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Int J STD AIDS. 1991 Jul-Aug;2(4):252-7.

Risk of HIV infection among Dutch expatriates in sub-Saharan Africa.

Author information

1
National Institute of Public Health and Environmental Protection (RIVM), Department of Epidemiology, Bilthoven, The Netherlands.

Abstract

In order to study the prevalence of human immunodeficiency virus (HIV) infections and related risk factors, Dutch expatriates returning from sub-Saharan Africa were asked to complete a questionnaire on sexual, occupational and other risk factors, and to donate a sample of blood to test for antibodies against HIV. The 1968 participants were workers of various professions and their family members over 16 years of age posted in sub-Saharan African countries by Dutch governmental, non-governmental and commercial organizations for at least 6 months cumulative time between 1 January 1979 and 1 January 1990. Antibodies against HIV-1 were found among 4 of 1122 men (0.4%) and 1 of 846 women (0.1%). The woman and 3 of the men had had sexual contact with African partners and had been treated for sexually transmitted diseases, 2 of these 3 men also had an African life partner. One man reported occupational exposure only. Of the 1968 participants 89 men (7.9%) and 18 women (2.1%) lived with an African partner; 344 men (30.7%) and 111 women (13.1%) had heterosexual contact with other African partners. Only 22.3% (men) and 18.6% (women) of casual sexual contacts with African partners were always protected by a condom. Two hundred and thirty-two of 408 (56.9%) (para)medics reported needlesticks. Groups at risk of HIV infection through sexual exposure were identified using logistic regression models. In conclusion, the observed prevalence of HIV-1 is low. However, unprotected sexual contact with African partners and needlestick accidents were common. This study underscores the continuous need for health education of expatriates on the risks of transmission of HIV in Africa.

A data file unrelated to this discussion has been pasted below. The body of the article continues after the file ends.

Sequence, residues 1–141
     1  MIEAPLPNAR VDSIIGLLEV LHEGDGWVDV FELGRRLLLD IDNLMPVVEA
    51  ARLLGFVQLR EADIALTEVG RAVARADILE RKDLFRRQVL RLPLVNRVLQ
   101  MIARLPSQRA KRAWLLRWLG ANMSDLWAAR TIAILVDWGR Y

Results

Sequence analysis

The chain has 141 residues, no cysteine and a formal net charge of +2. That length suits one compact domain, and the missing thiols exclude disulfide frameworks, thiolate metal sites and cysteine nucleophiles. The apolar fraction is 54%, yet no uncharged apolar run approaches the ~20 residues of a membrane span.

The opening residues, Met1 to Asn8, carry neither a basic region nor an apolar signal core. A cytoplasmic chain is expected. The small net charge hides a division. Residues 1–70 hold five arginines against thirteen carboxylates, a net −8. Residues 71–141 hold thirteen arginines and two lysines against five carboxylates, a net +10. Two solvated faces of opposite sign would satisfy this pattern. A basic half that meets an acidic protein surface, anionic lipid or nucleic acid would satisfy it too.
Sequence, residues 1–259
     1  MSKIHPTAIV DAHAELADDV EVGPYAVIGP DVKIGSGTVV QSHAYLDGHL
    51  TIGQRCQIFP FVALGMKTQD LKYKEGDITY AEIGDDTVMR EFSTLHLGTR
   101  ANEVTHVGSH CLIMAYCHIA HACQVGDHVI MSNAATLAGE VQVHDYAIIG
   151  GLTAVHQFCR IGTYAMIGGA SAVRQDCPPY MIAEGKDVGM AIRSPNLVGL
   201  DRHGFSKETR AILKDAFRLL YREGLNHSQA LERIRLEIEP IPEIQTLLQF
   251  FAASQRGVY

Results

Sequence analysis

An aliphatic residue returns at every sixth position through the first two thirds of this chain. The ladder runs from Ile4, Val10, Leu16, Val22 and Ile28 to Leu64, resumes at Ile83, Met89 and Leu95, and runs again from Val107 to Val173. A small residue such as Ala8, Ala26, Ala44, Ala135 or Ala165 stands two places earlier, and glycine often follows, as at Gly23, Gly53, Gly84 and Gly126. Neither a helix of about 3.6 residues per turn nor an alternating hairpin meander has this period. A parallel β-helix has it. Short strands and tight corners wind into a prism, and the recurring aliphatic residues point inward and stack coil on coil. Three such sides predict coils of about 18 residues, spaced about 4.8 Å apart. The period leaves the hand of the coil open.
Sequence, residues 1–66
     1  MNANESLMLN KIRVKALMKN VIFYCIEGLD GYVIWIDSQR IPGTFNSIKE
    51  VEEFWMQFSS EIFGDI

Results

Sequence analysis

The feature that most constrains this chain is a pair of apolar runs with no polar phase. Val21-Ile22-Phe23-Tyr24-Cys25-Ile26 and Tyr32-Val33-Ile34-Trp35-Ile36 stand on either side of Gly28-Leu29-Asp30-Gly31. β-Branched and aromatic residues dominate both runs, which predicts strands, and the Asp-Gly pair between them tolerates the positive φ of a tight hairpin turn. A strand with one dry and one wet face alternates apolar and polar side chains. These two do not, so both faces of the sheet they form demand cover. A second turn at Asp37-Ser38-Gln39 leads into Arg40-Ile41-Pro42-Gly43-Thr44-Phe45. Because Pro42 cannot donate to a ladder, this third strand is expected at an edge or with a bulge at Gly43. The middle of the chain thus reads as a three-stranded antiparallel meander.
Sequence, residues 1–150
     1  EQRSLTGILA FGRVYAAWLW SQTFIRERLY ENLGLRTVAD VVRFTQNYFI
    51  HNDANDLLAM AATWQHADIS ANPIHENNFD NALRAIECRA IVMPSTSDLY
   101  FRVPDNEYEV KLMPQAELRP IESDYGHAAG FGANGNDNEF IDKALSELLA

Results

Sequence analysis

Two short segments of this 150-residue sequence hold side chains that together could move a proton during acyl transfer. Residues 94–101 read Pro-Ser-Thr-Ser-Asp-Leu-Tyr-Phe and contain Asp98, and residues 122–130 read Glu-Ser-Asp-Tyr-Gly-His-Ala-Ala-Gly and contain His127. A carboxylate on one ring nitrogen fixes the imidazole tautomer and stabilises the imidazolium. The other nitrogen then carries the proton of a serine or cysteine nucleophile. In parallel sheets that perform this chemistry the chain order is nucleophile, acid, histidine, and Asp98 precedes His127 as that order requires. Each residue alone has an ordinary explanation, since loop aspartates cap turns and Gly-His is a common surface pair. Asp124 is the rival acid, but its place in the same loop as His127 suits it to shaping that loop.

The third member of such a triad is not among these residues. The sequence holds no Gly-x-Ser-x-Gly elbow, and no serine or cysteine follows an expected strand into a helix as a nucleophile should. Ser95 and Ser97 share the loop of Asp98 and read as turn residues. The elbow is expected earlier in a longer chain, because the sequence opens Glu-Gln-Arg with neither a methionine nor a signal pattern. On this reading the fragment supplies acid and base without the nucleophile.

PIP:

In order to study the prevalence of human immunodeficiency virus (HIV) infections and related risk factors, Dutch expatriates who returned from sub-Saharan Africa were asked to complete a questionnaire on sexual, occupational, and other risk factors, and to donate a sample of blood to test for antibodies against HIV. The 1968 participants were involved in various professions and their families included those over 16 years of age who were posted in sub-Saharan African countries by Dutch governmental, nongovernmental, and commercial organizations for at least 6 months cumulative between January 1, 1979-January 1, 1990. Antibodies against HIV-1 were found among 4 of 1122 men (0.4%) and 1 of 846 women (0.1%). The woman and 3 of the men had had sexual contact with African partners and had been treated for sexually transmitted diseases, 2 of these 3 men also had an African life partner. One man reported occupational exposure only. Of the 1968 participants, 89 men (7.9%) and 18 women (2.1%) lived with an African partner; 344 men (30.7%) and 111 women (13.1%) had heterosexual contact with other African partners. Only 22.3% (men) and 18.6% (women) of casual sexual contacts with African partners were always protected by a condom. 232 of 408 (56.9%) paramedics reported needlesticks. Groups at risk of HIV infection through sexual exposure were identified using logistic regression models. In conclusion, the observed prevalence of HIV-1 is low. However, unprotected sexual contact with African partners and needlestick accidents were common. This study underscores the continuous need for health education of expatriates on the risks of transmission of HIV in Africa.

PMID:
1911956
DOI:
10.1177/095646249100200405
[Indexed for MEDLINE]

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